Carrie by Kimberly Peirce

Carrie by Kimberly Peirce

A re-imagining of the classic horror tale about Carrie White, a shy girl outcast by her peers and sheltered by her deeply religious mother, who unleashes telekinetic terror on her small town after being pushed too far at her senior prom.

First off, it’s going to be very hard not to compare this remake to the original. Not because of the original’s success or how revered it was, but because of how similar both films are. This new remake of Carrie from director Kimberly Peirce, unfortunately, doesn’t do enough to justify its retelling.

The original Carrie explored the theme of power and control between adults and teenagers. Carrie’s mother Margaret hits her when Carrie doesn’t listen to her. And in another scene, a teacher cusses at a group of students and smacks one of them in the face in front of the entire class.

What works against the remake is today’s current standards of parenting.  In today’s age, hitting a child is much more frowned upon than it was in the seventies. If a kid is cussed or smacked by a teacher in school nowadays, they can legitimately fight back by bringing it to the school board or by calling the police. These politics ends up watering down the film’s themes, removing a lot of the edges off of the story. The threat of violence, whether it’s coming from adult onto the teenager or vice versa, is dampened. The state of today’s politics is not something I hold against the film, but the film doesn’t seem to want to challenge current social taboos and play in the politically incorrect. The entire effect of the horror is watered down as a result.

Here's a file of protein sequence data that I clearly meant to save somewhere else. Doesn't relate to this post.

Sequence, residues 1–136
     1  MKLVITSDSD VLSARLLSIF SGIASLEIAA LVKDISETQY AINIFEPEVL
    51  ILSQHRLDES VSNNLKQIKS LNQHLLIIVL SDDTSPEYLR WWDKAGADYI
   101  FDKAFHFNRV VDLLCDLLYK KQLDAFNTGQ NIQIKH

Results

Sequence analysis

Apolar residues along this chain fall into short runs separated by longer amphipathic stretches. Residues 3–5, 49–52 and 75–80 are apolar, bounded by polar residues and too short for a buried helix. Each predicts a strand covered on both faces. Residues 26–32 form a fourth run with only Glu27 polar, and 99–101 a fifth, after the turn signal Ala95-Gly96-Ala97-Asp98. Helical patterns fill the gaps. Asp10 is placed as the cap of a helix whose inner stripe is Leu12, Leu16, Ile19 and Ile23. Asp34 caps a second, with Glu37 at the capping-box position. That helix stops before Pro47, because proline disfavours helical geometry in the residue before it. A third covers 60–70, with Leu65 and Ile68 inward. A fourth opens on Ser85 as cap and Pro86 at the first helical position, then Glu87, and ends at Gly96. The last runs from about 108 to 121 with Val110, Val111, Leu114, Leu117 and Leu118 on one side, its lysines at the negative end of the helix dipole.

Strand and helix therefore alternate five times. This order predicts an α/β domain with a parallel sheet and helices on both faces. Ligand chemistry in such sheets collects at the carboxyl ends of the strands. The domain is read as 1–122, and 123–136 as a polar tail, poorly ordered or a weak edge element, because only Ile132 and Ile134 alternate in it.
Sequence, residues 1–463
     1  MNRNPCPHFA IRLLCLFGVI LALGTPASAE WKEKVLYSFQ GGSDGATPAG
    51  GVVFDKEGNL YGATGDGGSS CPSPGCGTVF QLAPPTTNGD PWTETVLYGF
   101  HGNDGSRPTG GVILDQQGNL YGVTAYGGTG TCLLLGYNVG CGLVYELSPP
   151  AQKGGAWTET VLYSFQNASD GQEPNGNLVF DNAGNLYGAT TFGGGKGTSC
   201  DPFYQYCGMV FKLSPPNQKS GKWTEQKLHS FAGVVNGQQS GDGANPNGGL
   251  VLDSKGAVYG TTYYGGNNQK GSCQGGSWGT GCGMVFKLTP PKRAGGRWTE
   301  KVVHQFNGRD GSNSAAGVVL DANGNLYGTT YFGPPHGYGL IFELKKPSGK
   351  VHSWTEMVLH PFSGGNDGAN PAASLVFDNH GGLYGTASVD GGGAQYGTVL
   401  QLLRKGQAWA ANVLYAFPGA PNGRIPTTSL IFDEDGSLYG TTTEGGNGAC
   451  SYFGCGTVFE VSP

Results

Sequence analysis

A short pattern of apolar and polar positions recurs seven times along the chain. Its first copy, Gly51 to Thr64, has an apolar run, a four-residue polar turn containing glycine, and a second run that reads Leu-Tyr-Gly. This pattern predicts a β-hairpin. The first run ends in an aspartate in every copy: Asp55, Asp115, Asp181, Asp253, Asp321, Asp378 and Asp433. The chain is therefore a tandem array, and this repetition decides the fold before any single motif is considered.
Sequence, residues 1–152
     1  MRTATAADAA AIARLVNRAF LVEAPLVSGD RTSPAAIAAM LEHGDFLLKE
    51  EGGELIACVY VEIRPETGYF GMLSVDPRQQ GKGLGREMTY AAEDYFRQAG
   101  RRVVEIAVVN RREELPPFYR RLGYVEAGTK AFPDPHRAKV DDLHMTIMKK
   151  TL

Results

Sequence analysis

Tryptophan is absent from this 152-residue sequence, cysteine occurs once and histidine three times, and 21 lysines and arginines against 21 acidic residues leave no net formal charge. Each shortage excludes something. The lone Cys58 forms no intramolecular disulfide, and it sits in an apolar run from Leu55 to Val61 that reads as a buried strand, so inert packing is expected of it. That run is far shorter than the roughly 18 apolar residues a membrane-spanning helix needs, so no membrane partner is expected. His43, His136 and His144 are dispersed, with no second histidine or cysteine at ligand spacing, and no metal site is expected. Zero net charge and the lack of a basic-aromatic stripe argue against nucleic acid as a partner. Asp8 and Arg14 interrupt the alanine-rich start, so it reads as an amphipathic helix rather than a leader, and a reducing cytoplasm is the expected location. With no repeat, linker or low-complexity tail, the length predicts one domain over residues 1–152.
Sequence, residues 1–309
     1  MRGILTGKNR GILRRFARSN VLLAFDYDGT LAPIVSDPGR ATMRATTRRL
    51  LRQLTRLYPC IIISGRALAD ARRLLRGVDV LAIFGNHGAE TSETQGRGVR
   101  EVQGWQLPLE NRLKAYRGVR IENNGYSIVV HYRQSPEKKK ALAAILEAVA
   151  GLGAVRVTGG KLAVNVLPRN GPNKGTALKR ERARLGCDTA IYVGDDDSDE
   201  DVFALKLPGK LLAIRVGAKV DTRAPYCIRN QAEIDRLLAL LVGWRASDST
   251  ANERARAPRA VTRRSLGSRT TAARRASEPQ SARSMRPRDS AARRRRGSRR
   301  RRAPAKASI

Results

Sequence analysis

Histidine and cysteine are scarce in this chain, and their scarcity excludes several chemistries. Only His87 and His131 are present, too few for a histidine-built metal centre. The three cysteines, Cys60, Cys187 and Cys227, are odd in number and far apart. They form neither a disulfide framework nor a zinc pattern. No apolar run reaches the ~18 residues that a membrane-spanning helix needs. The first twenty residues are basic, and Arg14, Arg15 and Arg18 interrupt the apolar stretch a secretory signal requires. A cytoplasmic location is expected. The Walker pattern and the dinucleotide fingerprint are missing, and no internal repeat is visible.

Director Kimberly Peirce makes up for this by adding modern horror movie aesthetics onto the story. There are loud jump scares, sharp objects are held closely into people’s faces making frantic expressions and people creepily walk by in the background undetected. The major difference between the original and the remake lies in the way that it scares its audience. In the original, the horror was a looming creepiness that stayed with me after the film ended. I reflected upon the inevitable tragedy of Carrie being an unfortunate outcast being pushed to the point of no return. In the remake, the horror is emphasized in the immediate present of the physical violence that’s about to be unleashed.

Everybody looks attractive and for a story about a social outcast in an image-conscious high school environment, that is a problem. In the novel, Carrie is described as a plump girl. Chloe Grace-Moretz is pretty regardless of how much the filmmakers try to dress her down. This works against her, but other than that, Chloe Grace-Moretz does a good job with what’s she’s given.

Julianne Moore is scary as Margaret White. It’s much more over-the-top than Piper Laurie’s version. I would argue Moore’s performance is scarier, if only because it was more psychotic and violent by comparison. The most engaging scenes are between Margaret and Carrie. The supporting characters end up becoming more black-and-white and it comes off bland. If you ask me, what makes the story so tragic are the grey areas, the edges and how it was hard to imagine how things could have ended otherwise.